Review: Blue Apron

I was pretty skeptical about Blue Apron.┬áSome friends who subscribed to the service spoke highly of it, praising the tasty recipes and easy prep. But me, I’m a foodie. I like cooking, although I’m not really a fan of going to the grocery store or making anything elaborate at the end of a long work day. Not only that, I’m good at cooking. Could Blue Apron possibly provide anything that I couldn’t do myself?

When a friend offered me a free trial for a week, I figured I should give it a shot for science as much as anything else. One week means three meals for two people, usually one fish dish and two meat items (unless you request the vegetarian menu). When that first box arrived, my partner and I gathered around, excited for the unboxing and to learn what we’d be having for dinner that night.

Opening the Blue Apron box...

Opening the Blue Apron box…

The box itself is extremely well packed. Produce and grains appear at the top of the box in easy-tear bags with the perfect serving size, while meat and fish are at the bottom with the cold gel packs. All of the produce looked fresh, and everything was accounted for.

Our box bounty

Our box bounty

As someone with some technical writing experience, I can say with confidence that Blue Apron’s recipe cards are put together well. Each one starts with the mis en place, and they encourage you to save on dishes where possible and use your time effectively. I did find that each recipe would take 15 – 20 minutes longer than listed, although I’m sure that’s in part because I’m a slow chopper.

mis en place

mis en place

The final results were pretty true to the recipe card as well. Here is Blue Apron’s professional photo of salmon with sorrel:

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And here is my actual final result from my first-ever recipe:

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The first box made us cautiously optimistic, so we decided to subscribe for a few more weeks. What my partner and I discovered over time is that even though we’re foodies with professional chefs in the family, we actually learned some new techniques and picked up some new ingredient ideas from the Blue Apron recipes. At least twice now one of us has said, “let’s make X for dinner, like that Blue Apron meal from a few weeks ago”.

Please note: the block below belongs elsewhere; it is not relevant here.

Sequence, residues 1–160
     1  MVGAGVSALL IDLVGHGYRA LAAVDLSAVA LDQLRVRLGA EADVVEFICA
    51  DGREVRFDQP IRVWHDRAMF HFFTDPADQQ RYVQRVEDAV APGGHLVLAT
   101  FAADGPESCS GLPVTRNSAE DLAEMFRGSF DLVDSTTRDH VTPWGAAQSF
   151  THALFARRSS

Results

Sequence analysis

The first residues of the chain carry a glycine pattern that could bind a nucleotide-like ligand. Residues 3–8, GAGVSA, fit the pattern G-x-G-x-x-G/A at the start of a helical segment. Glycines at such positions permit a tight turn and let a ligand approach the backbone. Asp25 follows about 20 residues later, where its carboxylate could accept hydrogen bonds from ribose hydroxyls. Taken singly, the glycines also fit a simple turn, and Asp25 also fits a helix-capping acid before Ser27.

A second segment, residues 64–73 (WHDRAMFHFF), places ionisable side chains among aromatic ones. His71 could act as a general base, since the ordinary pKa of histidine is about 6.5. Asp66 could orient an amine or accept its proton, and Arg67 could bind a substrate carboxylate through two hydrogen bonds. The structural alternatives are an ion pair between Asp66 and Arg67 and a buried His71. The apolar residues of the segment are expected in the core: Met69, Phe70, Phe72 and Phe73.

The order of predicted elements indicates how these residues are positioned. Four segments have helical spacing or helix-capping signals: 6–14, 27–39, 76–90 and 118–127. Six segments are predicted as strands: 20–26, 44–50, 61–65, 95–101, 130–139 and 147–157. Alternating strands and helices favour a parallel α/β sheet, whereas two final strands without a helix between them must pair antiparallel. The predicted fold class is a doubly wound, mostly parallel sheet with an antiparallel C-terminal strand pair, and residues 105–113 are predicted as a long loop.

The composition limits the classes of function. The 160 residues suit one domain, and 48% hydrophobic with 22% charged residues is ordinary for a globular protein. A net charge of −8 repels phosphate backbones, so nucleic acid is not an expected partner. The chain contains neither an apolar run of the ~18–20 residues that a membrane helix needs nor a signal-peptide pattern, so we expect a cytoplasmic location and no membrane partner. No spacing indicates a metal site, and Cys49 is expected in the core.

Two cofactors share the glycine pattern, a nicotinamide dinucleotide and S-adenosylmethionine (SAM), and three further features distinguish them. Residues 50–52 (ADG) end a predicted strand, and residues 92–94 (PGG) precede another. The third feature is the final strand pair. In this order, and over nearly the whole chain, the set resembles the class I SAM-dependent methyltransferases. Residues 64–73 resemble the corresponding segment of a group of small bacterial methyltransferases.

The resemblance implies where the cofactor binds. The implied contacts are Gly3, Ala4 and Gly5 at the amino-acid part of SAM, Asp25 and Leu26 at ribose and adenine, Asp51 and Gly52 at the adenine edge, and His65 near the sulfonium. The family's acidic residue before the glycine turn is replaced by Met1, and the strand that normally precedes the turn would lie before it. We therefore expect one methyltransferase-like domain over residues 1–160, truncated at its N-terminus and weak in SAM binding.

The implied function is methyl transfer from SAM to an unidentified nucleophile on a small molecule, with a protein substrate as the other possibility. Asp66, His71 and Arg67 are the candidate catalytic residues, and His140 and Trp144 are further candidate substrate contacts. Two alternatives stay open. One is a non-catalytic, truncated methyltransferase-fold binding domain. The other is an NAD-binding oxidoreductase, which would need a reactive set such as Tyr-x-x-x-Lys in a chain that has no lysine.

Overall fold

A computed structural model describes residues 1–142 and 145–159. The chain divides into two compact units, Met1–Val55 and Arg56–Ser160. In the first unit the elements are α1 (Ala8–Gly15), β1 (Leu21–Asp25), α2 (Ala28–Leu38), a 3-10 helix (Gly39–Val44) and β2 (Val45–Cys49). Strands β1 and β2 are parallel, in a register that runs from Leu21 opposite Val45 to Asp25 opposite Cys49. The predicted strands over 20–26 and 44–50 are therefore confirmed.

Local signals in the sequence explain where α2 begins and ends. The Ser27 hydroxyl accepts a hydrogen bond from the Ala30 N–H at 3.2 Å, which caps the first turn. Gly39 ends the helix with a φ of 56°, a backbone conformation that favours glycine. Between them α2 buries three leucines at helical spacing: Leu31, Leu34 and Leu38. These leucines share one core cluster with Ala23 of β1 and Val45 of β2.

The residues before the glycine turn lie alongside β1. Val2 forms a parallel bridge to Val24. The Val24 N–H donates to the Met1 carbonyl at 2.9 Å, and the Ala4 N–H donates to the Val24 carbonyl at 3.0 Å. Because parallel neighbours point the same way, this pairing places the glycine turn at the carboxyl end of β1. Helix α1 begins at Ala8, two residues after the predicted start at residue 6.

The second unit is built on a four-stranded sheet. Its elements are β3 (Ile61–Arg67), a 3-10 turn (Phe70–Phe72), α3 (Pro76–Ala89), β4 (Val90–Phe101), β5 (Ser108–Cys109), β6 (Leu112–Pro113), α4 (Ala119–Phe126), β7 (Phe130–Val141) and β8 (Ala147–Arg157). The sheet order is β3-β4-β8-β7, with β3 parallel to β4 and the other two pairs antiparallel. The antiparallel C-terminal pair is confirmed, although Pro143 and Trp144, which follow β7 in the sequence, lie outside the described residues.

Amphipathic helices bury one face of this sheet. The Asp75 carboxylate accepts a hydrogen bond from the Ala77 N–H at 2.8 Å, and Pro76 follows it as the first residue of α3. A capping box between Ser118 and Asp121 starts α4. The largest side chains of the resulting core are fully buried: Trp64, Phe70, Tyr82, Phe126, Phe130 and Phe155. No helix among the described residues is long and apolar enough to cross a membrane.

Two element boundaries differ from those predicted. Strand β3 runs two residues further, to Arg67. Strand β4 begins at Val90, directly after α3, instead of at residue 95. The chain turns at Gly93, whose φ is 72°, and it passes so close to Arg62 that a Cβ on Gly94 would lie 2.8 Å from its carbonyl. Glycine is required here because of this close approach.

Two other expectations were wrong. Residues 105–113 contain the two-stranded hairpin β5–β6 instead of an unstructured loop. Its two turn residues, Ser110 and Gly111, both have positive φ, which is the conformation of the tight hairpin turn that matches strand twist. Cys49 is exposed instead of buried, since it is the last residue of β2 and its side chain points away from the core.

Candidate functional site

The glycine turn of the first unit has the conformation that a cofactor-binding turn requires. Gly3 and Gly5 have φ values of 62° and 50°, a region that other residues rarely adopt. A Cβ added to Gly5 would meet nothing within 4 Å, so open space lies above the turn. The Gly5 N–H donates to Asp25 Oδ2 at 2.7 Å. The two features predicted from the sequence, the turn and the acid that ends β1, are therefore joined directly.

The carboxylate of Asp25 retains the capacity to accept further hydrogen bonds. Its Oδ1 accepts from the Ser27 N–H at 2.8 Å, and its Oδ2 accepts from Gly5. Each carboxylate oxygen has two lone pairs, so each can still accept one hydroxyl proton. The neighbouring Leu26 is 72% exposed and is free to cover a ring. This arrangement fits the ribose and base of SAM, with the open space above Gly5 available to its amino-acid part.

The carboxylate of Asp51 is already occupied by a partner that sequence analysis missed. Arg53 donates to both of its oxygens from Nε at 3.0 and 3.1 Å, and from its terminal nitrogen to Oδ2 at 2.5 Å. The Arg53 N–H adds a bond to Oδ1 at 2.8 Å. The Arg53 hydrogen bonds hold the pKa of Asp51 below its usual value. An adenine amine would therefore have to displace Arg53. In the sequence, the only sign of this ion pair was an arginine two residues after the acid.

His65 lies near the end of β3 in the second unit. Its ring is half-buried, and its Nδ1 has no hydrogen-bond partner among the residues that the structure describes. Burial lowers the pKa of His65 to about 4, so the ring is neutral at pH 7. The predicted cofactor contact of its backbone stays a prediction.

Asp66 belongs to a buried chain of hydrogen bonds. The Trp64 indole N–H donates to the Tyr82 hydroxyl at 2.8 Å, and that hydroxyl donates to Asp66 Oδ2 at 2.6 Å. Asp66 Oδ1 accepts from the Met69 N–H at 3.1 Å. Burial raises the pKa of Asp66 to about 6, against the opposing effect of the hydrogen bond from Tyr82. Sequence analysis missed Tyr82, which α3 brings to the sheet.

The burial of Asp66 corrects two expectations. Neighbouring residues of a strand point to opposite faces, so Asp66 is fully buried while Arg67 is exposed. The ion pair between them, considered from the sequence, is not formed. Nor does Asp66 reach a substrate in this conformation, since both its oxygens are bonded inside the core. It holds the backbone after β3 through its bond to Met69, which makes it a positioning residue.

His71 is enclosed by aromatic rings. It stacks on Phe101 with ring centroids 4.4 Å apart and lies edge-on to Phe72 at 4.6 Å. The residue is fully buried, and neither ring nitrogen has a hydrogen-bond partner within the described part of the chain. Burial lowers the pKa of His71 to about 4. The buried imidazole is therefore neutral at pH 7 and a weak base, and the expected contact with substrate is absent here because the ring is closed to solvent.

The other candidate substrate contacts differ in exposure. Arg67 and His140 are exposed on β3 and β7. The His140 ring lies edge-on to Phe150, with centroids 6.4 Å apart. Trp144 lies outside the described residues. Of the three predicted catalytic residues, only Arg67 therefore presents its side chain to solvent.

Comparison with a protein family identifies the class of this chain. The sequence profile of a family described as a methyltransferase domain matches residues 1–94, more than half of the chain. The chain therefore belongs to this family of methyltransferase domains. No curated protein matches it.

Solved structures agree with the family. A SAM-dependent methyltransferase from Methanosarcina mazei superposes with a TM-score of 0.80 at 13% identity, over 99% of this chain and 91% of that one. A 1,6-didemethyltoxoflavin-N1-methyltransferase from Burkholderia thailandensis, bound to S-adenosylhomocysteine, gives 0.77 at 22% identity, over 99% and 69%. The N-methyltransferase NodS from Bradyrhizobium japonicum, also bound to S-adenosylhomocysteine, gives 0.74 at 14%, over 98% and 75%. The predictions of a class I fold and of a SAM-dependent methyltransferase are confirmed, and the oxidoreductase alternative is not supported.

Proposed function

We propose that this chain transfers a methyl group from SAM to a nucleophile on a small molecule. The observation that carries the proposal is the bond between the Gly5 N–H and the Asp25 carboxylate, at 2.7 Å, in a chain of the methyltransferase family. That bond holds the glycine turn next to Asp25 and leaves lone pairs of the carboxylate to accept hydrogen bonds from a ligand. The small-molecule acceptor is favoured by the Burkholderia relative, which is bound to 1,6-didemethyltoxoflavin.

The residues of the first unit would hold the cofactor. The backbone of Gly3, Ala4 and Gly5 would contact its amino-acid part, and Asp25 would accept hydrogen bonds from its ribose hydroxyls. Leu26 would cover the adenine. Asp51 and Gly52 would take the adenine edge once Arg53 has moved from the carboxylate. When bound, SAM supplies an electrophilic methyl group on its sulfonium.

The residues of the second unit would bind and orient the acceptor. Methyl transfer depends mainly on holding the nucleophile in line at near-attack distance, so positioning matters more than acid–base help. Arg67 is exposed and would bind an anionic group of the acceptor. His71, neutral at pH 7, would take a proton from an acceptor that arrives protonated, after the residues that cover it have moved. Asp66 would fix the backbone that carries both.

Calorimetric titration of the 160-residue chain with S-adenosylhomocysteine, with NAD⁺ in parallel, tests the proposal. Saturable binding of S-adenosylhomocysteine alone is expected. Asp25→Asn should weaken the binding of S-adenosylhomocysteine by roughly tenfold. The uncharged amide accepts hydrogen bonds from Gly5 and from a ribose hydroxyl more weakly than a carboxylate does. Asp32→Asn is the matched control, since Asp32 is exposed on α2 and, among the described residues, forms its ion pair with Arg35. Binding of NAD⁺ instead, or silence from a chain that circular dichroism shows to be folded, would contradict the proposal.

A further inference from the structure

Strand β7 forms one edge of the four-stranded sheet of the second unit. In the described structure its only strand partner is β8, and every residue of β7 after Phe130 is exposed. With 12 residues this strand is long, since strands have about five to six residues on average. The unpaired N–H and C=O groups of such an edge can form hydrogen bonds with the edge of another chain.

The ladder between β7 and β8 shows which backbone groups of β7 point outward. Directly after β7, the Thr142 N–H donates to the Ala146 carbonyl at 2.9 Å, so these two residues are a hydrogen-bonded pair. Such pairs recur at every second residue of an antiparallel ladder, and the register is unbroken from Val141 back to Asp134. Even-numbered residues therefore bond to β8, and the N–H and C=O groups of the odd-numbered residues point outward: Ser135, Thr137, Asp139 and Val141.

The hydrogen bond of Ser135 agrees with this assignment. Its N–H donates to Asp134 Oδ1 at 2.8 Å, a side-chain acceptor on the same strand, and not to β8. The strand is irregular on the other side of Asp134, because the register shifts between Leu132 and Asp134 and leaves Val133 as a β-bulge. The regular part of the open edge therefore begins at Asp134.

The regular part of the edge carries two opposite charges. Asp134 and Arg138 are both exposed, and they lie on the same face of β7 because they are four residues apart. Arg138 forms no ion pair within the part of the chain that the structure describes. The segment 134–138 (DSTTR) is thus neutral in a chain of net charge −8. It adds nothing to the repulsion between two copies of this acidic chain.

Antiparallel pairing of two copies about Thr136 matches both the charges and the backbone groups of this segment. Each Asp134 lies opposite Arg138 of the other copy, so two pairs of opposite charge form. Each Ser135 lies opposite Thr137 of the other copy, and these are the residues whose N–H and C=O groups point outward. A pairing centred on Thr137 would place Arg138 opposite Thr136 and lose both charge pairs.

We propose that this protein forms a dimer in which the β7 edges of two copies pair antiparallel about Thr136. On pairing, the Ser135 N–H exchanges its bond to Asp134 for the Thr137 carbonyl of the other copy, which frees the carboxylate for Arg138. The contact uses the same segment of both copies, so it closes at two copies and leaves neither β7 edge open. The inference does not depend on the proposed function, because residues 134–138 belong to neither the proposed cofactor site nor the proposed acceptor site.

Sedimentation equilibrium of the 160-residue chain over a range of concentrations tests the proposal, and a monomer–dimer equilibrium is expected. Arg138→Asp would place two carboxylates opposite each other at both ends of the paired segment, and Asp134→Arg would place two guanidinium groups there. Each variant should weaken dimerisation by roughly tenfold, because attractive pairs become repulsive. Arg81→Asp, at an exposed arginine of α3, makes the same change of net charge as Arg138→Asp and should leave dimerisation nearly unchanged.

Now, we have definitely added our own twist on some of their pre-packaged spice blends, and I include about twice as much vinegar or mustard as their recipes say because we like intense flavor. But even for a couple of know-it-alls in the kitchen, Blue Apron has turned out to be an excellent service. We save time during the week and never have to play the “what are we eating for dinner” game. The food is legitimately tasty and often interesting to prepare, and $10 per meal is a good price for what the service offers.

If you’ve been wavering, I highly recommend finding a free week coupon and checking it out yourself! You, like us, might be pleasantly surprised.

Recipe Review: Nanaimo Bars

Growing up, I had no idea that delicious nanaimo bars were a regional thing. Any big group or community event in my area had basically the same menu: fresh salmon cooked over a fire, green salad, potato salad, a bun, and nanaimo bars for dessert. It was only later in life after moving around as an adult that I realized that a) the bars are named for the city of Nanaimo and b) really only well known to people from that area.

(Although oddly enough Wikipedia says they’re also sold “at some small coffee shops along the Mekong River” which is mind-blowing.)

So when I had some Americans in my house over Labour Day weekend I knew what I had to do: spread the word about these amazing dessert treats. I hadn’t made my own nanaimo bars in 20 years, so I decided not to reinvent the wheel and just work off a recipe, specifically this recipe from the site Joy of Baking. I chose it because I liked how it had more of the bottom layer and less of the middle layer. I don’t eat a lot of sweets, so I didn’t want to go overboard on the icing sugar.

This recipe has no baking, which is great. It does require a lot of time, particularly as the bottom and middle layer have to chill, and unless you happen to have a bunch of the ingredients sitting around already it can be quite expensive.

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I found this recipe worked great with one exception: the bottom layer was a little too dry and crumbly. It was also quite dense, possibly in part because when I press something into a pan I can get a little carried away, but I quite liked the denseness with the sweet top layers. Next time I would add a tablespoon or two more cream, or water, or even cold coffee.

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Otherwise, I have no complaints! I followed the recipe to the letter and the bars came out great. I was fortunate enough to have pecans fresh from a Southern relative for the bottom later, which I think helped a lot with the flavor.

My American guests were thrilled with the results, and I rested easy knowing that I had helped spread the gospel of nanaimo bars to the rest of the world.

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